At the core of this emerging trend is what I call the re-socialization of daily life. Relationships are key. Individuals are driving the economy on social media, not business or marketers. Platforms that were developed for us to be social were co-opted by businesses, and are now being reclaimed by users, even for the purposes of commerce and the exchange of goods and services. Sharing and collaboration are becoming mainstream, and may soon be the norm for many of us. We see this in the subtle shift from purchasing (or bartering for) new goods online to purchasing used, or perhaps handmade, goods, on sites as divergent as Craigslist, eBay, Etsy, and even Facebook or Twitter. It allows us to maximize resources for the common good in a somewhat iffy economy, all the while waving the banner of sustainability. I even see this locally in the increasing demand for shared office space, known as coworking.
Businesses that produce and sell goods and services should think about what this means to them. As more of us are participating in the collaborative economy, that means a loss of some sort of revenue for many business categories. Are there ways our businesses can become a part of the collaborative economy, and capitalize on this trend? For instance, Walgreens has partnered with TaskRabbit to deliver prescriptions to customers. This is just one example, and the winners will be those businesses who think creatively about how they can better serve their public through collaboration, especially as the number of those participating in the collaborative economy could double in the next 12 months.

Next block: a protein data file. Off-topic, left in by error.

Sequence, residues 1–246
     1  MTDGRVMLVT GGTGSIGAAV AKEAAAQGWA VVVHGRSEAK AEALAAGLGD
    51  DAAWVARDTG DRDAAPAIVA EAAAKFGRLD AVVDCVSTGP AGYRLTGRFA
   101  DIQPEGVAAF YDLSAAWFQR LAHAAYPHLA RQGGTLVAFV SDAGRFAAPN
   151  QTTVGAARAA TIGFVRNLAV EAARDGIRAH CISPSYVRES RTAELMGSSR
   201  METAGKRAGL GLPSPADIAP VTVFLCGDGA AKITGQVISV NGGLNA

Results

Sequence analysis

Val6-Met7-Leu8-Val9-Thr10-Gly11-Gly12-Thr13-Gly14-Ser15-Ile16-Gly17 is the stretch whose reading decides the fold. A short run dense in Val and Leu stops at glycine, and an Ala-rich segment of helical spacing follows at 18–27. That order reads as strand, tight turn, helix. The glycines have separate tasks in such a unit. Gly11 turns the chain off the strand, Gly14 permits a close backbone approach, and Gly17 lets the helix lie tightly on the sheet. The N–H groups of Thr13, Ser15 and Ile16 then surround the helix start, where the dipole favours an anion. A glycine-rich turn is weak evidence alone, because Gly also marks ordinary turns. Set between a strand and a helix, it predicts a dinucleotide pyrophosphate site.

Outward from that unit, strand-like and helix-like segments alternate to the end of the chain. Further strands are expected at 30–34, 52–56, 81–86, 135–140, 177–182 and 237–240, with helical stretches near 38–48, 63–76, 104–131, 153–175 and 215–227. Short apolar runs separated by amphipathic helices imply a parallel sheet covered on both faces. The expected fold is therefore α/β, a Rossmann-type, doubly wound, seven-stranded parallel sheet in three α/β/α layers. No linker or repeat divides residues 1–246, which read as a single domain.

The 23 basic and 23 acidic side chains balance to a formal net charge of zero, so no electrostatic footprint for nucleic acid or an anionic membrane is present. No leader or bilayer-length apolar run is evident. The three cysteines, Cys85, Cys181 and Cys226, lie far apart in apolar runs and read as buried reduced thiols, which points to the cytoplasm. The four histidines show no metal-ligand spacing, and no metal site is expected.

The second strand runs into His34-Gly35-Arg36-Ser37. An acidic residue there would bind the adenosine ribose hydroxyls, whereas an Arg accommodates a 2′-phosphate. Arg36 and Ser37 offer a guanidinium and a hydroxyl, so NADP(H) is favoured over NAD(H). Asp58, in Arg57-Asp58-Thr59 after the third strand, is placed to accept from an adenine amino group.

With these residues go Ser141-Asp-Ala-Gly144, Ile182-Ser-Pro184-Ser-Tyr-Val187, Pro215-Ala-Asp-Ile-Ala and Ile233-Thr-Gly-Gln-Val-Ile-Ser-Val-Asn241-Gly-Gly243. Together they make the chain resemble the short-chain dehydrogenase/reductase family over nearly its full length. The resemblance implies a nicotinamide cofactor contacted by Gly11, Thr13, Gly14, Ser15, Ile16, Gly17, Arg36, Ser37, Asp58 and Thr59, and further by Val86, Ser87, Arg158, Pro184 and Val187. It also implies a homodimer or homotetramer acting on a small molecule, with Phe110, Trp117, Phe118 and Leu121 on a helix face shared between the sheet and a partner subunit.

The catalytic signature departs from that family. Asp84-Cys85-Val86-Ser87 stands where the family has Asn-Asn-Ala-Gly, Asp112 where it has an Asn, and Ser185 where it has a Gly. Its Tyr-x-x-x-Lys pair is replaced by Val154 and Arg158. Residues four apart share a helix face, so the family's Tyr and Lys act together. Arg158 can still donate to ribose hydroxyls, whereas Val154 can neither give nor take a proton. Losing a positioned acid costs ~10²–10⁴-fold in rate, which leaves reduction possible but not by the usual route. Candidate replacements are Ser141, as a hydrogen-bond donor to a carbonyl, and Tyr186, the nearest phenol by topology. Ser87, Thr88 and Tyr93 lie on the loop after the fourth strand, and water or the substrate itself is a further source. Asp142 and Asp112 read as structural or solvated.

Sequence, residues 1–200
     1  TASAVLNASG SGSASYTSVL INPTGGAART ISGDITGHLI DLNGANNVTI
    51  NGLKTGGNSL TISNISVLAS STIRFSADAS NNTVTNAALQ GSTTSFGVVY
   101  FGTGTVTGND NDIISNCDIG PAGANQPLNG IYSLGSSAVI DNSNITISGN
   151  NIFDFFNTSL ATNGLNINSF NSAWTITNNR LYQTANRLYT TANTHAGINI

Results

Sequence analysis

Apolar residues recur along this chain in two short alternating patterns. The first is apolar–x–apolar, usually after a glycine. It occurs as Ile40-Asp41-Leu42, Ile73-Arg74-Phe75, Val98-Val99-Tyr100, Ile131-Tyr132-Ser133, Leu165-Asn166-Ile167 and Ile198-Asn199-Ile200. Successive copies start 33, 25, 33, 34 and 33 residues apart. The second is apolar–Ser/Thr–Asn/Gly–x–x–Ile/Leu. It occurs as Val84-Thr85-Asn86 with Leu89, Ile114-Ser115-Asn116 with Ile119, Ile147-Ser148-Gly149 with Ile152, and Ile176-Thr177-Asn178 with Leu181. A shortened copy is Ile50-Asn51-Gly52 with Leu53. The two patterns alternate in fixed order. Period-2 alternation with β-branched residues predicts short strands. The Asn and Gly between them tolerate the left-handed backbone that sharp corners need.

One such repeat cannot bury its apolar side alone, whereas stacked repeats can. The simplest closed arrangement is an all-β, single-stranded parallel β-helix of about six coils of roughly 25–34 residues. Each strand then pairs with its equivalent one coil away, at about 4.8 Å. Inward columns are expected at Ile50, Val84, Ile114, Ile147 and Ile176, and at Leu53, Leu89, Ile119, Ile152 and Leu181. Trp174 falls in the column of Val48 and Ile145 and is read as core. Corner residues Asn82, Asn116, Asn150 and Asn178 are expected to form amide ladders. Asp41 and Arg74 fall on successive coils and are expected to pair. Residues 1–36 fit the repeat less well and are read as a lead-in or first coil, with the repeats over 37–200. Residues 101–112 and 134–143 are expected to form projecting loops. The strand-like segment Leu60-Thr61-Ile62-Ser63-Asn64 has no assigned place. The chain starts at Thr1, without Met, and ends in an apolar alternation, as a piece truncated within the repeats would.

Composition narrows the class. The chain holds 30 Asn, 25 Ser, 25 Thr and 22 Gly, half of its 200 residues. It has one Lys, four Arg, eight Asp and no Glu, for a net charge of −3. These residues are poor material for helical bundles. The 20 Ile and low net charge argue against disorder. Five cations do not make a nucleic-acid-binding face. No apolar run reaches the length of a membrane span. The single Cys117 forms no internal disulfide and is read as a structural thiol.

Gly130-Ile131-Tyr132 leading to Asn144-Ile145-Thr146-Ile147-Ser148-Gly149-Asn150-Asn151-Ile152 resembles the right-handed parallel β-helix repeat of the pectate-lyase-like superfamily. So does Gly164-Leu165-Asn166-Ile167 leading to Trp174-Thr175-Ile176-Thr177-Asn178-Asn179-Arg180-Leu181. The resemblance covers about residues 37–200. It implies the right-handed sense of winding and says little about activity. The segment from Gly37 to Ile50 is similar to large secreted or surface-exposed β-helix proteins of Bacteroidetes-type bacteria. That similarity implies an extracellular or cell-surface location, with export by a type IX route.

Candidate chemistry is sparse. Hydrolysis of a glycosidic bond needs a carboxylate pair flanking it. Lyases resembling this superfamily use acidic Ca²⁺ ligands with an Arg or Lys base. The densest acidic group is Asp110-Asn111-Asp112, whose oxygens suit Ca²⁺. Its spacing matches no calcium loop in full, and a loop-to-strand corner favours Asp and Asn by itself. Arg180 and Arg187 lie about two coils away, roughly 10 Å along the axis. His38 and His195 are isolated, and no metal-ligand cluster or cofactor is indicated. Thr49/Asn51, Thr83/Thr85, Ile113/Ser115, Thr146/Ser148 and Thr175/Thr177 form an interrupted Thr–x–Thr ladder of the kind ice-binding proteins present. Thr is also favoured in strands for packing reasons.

The idea of sharing corresponds closely with a general movement taking place nationwide that values sustainability, community, and putting others first.
But if we’re sharing and collaborating, rather than working with big name, tried and true companies and services, are we happy? The answer is a resounding, “Yes!” The report indicates that:
91% of sharers would recommend the last sharing service they used to a friend or colleague.
Clearly, the good experiences far outweigh the bad.
As for our businesses and how we can participate, the report offers up four major opportunities which we need to consider:
- Offer “lifestyle as a service” to younger and more affluent markets.
- Bring new marketplace business models to opportunity-rich urban areas.
- Drive sharing with social media marketing.
- Market the direct benefits of sharing services.
So it’s our turn to find the right opportunities for our businesses. Take a look at existing sharing and neo-sharing types of services and see which ones might be a good fit for you, either as they are currently set-up, or with some sort of modification or customization. In a social/local/mobile (SoLoMo) economy, sharing and collaboration are an important part of how we re-tool our business models.
Here is a copy of the SlideShare of the report as prepared by Jeremiah Owyang, Alexandra Samuel, and Andrew Grenville, so that you can dig deeper and find opportunities for you and your business.
How are you preparing to participate in the collaborative economy, both as an individual and with your business?